But the prize, gentlemen, is Baghdad. The Republican Guard units defending it cannot be allowed to slip into the city proper, but must be engaged and fixed in position, and encircled if possible. Just bombing them does not accomplish that end. it does not take away their mobility, or their ability to fall back into the city itself. The longer we wait to take Baghdad, the more difficult that job is going to be. The longer we wait, the longer the regime holds on. It can make no end of diplomatic trouble. It can carry out plans to set up atrocities and make it look as if we perpetrated them. The longer it holds on in an uninvested Baghdad, it can send units south to harass our supply lines.
Are we forgetting the principal lesson of Vietnam: if you want to end a guerilla war, eliminate the source from which it flows? The Spanish resistance against Napoleon would have withered on the vine without active support from Wellington's army. The Viet Cong threat to South Vietnam would have ended if we had not just bombed, but taken Hanoi. Likewise, invest Baghdad and cut off its communications, and the Fedayeen threat to the supply lines will die. New units, like the Fourth Division, entering the theater, can deal with the guerilla threat.
Nathan Bedford Forrest's phrase, "Keep up the scare," means, once the enemy is on the run, and you are in a place he did not expect you to be, keep the pressure on. Don't let up. We are across the Euphrates, and even on the banks of the Tigris within 50 miles of Baghdad, days before the Iraqis could have been ready to meet us there. The ghosts of Bedford Forrest, Stonewall Jackson, Patton, and a host of German generals are screaming at the idiocy of this, if they can read newspapers where they are. My own brain is screaming "Anzio," where a brilliant surprise amphibious landing was thrown away by digging in on the hills around the beachhead rather than taking an undefended Rome, "McClellan's Peninsular Campaign," where, after catching the Army of Northern Virginia completely wrong-footed, McClellan dawdled for days instead of striking to take Richmond, and "Market Garden" when Patton's drive to the Rhine was halted to let Montgomery try his airborne venture in Holland.
Let us hope that the Times is being used for disinformation. If not, what Mack Owens said yesterday about "L'audace" is right out the window. On the positive side, it would not be at all beyond the Bush Administration to set the Times up with disinformation designed to fool Iraqi intelligence. After all, they have many scores to settle with the Times.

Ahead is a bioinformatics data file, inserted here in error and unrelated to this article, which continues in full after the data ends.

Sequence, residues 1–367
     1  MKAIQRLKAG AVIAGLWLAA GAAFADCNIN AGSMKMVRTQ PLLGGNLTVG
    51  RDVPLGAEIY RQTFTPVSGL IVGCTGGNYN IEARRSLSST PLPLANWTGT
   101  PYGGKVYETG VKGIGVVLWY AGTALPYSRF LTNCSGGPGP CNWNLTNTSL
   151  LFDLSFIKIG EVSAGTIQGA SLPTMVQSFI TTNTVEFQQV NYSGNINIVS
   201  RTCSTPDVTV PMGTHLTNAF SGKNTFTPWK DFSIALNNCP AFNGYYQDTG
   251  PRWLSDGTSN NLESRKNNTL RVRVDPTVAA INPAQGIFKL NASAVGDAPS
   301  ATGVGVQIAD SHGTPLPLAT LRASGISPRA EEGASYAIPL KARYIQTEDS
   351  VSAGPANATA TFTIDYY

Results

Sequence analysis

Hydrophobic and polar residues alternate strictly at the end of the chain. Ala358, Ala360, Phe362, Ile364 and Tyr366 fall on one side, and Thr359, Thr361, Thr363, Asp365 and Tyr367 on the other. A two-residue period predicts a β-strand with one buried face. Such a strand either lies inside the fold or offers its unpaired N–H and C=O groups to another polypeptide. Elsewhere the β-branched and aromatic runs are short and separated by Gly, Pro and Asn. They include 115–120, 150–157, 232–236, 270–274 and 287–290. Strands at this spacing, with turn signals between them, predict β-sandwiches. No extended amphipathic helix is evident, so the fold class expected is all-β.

Tuesday, March 25, 2003
We knocked it off the air, but they got a replacement up and running in about two hours.
Maybe we would have better luck using it on al Jezeerah.
We have lost less than a platoon dead or captured.
Lord may it stay on that scale, or better.
Probably with the Medina Division. Reports indicated around 300-500 Iraqi soldiers dead in this single engagement. No word on US casualties. This is, apparently, a ground battle. The 7th Armored Cavalry Regiment is the unit engaged, according to an embedded BBC journalist.
This time, it was an exchange of fire between two British tanks. Two soldiers of the Queen's Royal Lancers are reported dead. Requiescat in pace.
Once again, the US re-enactor members of a regimental family are mourning modern-day counterparts. The Queen's Royal Lancers was made up by amalgamating the 16th/5th Queen's Royal Lancers and the 17th/21st Lancers. The 17th/21st is the lineal descendant of the 17th Light Dragoons, the primary British cavalry unit that saw service in America in the Revolutionary War. The 16th (Queen's) Light Dragoons, which later became the 16th/5th Lancers, also saw service in that war, though there is no re-enactment group portraying them. The 17th is a small re-enactment unit, because of the expense and difficulty of becoming a re-enactment cavalryman (horse, horse-training, uniform, weapons, saddlery). But they are highly respected. My condolences to my friends in the 17th.
The BBC's Michael Voss reports:
The battle for Baghdad is starting to take shape. Three separate US mechanised infantry columns are approaching the capital along different routes.
One to the west of the Euphrates River, another to the east. The third is following a line closer to the Tigris River.
Ahead of them are three divisions of Republican Guards who are being targeted around the clock with air strikes.
Yes, we do need to be on both banks of both rivers to envelop Baghdad properly. But I think the immediate object of this envelopment is the destruction of the Medina Division at Karbala. That is an operation worth the time, since it will materially harm the regime. It seems, if Voss is correct, that a classic double-envelopment is shaping up, which would be the natural thing to try against a force making an isolated stand. If I am right, and it works, a thousand or so survivors of the Medina Division will stream back to the other Republican Guard units nearer to Baghdad, without tanks or equipment. The effect that will have on the morale of the other defenders of Baghdad would be very helpful.